There are differences in the services they offer, though. Epstein recently quoted a price of $3,375 for 50 hours of advertising, compared to Williams’ price of $3,950 to $4,550. Epstein, moreover, offers clients a computer monitoring system that he said verifies that his drivers have followed the routes they’re contracted for. And while Epstein’s company doesn’t make billboards (his clients must have them produced elsewhere) Williams’ company is only too happy to produce reusable vinyl billboards at a cost of $1,100 to $2,800 each.

Another Competitor

Meanwhile, both companies say they’re unfazed by a third competitor in the area who offers yet another type of mobile billboard service. Advan, a San Francisco-based subsidiary of Leucadia Inc., said it has contracts with local delivery-truck owners that allow the company to muster a 275-truck fleet in Los Angeles displaying smaller, 7 1/2-foot by 16-foot signs. Those trucks don’t follow specially tailored routes, but are guaranteed to stick to their normal delivery routes.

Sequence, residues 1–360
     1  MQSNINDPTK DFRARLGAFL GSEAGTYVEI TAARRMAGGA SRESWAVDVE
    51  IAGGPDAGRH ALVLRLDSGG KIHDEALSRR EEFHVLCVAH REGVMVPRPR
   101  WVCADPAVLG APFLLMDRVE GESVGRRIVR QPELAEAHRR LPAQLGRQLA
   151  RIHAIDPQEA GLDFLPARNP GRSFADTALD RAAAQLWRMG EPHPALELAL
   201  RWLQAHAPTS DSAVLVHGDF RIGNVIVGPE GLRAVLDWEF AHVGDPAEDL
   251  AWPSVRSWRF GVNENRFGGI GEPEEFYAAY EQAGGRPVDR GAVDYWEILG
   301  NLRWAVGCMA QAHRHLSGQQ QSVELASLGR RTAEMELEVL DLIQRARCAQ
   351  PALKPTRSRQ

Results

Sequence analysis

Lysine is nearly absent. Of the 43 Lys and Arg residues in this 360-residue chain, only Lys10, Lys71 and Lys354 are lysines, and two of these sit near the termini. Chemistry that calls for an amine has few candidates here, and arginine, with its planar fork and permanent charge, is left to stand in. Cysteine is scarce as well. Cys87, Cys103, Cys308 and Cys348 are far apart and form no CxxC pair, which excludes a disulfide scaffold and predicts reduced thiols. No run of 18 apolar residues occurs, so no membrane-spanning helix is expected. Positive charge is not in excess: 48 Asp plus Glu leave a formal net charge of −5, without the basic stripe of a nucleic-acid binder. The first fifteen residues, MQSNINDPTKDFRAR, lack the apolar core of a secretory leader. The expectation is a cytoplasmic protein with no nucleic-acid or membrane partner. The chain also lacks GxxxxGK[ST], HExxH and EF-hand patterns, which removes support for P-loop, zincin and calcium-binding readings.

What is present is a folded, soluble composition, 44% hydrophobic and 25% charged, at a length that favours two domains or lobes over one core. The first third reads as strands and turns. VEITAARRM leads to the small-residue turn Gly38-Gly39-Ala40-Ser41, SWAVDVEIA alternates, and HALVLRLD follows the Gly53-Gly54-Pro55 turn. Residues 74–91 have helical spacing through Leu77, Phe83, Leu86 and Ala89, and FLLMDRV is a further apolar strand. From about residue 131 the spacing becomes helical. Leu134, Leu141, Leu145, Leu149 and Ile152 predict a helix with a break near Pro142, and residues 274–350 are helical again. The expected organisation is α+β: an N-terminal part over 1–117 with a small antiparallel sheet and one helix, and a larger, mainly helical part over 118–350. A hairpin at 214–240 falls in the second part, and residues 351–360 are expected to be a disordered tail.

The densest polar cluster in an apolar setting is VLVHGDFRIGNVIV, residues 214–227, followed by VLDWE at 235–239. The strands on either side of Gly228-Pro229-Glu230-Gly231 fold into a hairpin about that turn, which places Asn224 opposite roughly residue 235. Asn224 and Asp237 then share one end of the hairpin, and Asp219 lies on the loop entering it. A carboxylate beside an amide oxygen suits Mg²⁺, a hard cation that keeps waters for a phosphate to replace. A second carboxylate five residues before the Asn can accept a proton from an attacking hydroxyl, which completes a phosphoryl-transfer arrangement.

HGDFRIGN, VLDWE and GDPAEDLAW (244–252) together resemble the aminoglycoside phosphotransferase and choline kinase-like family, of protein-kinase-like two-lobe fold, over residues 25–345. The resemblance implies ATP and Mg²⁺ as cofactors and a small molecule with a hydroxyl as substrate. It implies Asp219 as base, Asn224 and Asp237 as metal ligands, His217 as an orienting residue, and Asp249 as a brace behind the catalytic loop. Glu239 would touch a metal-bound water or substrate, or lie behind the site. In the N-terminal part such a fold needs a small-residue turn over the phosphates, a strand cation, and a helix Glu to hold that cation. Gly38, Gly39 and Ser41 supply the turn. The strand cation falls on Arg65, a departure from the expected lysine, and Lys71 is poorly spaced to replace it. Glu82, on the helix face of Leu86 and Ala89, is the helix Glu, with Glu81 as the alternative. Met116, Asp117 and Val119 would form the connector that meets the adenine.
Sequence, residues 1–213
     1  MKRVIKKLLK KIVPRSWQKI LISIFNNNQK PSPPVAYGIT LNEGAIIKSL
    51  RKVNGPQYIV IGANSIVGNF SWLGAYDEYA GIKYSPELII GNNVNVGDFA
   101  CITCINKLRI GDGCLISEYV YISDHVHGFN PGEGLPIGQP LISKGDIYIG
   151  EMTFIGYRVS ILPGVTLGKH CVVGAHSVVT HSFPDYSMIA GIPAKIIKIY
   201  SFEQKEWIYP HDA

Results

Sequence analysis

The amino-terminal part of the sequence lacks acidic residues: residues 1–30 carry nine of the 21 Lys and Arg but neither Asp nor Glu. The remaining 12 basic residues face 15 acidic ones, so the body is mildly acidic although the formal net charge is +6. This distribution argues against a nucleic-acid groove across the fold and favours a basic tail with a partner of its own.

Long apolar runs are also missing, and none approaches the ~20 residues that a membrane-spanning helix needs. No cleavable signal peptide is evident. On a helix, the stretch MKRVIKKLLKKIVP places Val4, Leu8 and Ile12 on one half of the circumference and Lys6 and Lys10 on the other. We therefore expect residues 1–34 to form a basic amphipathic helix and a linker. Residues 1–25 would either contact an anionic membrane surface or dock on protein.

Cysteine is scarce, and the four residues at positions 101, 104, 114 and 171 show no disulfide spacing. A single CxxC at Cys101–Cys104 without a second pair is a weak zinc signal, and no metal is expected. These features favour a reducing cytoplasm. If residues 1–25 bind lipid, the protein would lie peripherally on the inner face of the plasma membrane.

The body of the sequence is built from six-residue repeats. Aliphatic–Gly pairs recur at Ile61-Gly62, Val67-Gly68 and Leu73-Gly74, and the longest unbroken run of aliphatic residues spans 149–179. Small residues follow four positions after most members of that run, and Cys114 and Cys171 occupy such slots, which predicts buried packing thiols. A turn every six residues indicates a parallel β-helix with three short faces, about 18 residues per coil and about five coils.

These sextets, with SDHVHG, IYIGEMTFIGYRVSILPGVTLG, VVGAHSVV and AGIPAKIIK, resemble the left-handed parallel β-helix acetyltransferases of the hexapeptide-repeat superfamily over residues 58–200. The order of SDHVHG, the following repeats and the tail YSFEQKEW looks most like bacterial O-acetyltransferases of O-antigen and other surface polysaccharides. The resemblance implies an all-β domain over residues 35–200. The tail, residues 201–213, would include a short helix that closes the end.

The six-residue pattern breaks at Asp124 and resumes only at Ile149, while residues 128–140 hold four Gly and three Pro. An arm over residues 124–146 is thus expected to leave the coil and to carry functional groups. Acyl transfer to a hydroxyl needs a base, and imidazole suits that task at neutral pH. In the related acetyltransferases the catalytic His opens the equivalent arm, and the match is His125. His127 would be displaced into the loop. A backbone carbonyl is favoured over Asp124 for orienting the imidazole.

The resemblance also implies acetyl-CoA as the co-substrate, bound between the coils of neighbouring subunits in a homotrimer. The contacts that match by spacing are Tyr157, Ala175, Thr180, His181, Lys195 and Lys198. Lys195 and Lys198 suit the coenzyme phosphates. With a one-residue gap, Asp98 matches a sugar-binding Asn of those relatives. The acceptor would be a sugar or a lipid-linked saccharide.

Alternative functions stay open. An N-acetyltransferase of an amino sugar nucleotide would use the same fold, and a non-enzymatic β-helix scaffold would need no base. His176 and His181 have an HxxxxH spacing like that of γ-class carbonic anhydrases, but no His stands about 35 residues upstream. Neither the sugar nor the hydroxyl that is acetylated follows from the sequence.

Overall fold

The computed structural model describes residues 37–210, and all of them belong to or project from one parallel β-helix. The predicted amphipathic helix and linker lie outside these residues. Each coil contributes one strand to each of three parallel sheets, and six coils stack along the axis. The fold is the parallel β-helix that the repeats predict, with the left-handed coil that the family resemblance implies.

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Both Williams and Epstein contend that their trucks would be no more distracting to motorists than stationary billboards, and should have a negligible effect on Los Angeles traffic. Furthermore, both admen say they shouldn’t be singled out for tough legal treatment among the bewildering visual cacophony of existing taxis, city buses, pizza deliverers, and express mail vans that carry advertising messages for both the companies that own them and others.

Besides, both Epstein and Williams argue, moving billboards should actually prove less offensive than stationary ones. Said Epstein: “The greatest thing is that it’s here today, gone tomorrow.”